Through the lens of fisherfolk

Lisud gyud, di na nimo ma alsa ug [walay] pulo ka tawo akong panagat, ug walay tawo, baling lisura kaayo,” one can see through the weary eyes and voice of Ramil Inoferio, the disquiet nesting in his heart. He is a local fisherman and vice president of Fisherfolks organization, a group of fishermen in Tinago. 

(It’s really hard, my boat can’t be lifted with less than ten people, so if nobody’s around, it’s very hard.)

For people like Ramil, the ongoing extension doesn’t look like much of a “landscape improvement” as how the proponents describe it to be. Likewise, the limitations they experience in their community speak for the complexities the smart city project entails. 

What the smart city looks like now 

A narrow, maze-like flock of homes sits south of Dumaguete’s Rizal Boulevard; houses face tightly next to each other, leaving a small alley for people to pass by. This part of Poblacion 1, Tinago, is a melting pot of fisherfolk and shoreline residents, all dependent on the ocean. Though cramped, the people residing therein already find comfort in the sea. But now that the start of the project has allowed excavators to encroach upon the land where these locals reside, fear has festered. The last thing the residents want is to lose their shelter and livelihood.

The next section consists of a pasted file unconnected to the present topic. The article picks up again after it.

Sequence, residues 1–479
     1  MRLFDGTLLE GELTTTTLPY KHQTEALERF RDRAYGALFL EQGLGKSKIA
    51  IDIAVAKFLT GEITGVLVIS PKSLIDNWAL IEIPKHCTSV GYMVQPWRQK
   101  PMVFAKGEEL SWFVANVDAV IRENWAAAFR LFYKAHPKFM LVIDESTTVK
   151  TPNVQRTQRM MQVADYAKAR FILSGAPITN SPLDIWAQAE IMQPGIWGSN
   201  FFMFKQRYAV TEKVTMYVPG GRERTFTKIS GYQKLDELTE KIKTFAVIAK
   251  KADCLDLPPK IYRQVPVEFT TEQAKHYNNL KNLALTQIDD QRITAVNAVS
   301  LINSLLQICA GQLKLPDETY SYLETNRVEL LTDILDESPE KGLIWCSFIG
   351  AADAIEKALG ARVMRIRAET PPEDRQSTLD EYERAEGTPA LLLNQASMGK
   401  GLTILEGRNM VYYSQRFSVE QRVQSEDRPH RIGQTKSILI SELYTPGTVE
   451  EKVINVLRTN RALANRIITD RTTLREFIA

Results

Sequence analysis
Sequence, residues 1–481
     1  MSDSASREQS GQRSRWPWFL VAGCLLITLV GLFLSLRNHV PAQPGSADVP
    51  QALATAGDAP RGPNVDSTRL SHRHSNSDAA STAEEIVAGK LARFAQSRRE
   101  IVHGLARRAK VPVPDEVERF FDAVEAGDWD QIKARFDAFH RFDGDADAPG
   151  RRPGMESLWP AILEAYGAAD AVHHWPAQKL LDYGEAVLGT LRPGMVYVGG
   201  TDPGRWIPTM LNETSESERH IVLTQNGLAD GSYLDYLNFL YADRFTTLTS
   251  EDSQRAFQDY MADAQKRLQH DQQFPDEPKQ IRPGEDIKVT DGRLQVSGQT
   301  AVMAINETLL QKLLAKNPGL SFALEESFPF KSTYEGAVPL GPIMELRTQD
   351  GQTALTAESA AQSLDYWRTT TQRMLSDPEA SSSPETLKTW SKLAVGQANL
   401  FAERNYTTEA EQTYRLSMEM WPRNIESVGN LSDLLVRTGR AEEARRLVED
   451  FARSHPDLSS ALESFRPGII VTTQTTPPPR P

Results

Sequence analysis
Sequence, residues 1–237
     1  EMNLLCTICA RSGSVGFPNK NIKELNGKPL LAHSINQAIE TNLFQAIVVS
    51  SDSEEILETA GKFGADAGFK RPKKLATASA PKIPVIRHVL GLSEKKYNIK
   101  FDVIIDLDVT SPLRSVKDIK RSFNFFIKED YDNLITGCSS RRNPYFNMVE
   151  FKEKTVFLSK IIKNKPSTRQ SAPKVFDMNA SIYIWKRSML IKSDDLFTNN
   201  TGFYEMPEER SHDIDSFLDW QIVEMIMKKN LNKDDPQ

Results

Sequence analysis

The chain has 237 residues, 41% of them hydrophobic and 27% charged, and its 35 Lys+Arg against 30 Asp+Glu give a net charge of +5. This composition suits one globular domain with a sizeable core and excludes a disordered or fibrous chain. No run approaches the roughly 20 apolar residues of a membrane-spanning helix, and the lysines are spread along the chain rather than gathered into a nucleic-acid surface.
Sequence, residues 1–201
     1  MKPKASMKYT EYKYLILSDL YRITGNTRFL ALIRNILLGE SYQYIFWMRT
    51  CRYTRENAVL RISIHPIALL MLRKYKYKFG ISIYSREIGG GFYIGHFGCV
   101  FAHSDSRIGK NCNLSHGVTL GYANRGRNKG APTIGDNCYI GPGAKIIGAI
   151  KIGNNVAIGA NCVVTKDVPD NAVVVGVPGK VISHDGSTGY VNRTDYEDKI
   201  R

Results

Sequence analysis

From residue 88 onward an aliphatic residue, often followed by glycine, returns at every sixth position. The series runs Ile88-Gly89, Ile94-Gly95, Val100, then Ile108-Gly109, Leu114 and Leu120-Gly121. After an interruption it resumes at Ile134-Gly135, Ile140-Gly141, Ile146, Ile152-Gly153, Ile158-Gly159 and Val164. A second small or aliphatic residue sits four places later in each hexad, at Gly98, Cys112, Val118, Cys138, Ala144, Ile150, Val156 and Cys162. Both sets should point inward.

Considering the current situation of Tinago and the ongoing demolition—which has been deemed “illegal” by the complaints—the ₱74-million smart city project is currently a hallmark of inequality and impunity. 

While the claim of this project is up in the Office of the Ombudsman, a similar fight goes for Remollo’s SU BOT appointment. The only difference between the two is that the Save Tinago Alliance went beyond placards and campaigns. They stood against seemingly insurmountable people—at least considering their political power—by pursuing to decipher what could be the problem’s ultimate core.

For SU, however, the issue has become faint since Remollo’s withdrawal. Perhaps, many are already satisfied with the mayor’s withdrawal alone—hence the silence. But if one critically sifts through this case, it will reveal that the big call remains unanswered: Transparency. 

While the details of Remollo’s renomination have yet to be disclosed, the SU Student Government Environment Committee assures that they are “close with the people in the environmental movement” and “plan to support any initiatives.” 

The Pantawan 2 extension project and Remollo’s SU BOT appointment are two seemingly separate issues, but both put across one common message: Disquiet can only be heard if those concerned choose to keep it loud until it makes a sound—or rather, to keep speaking out until their noise makes a difference.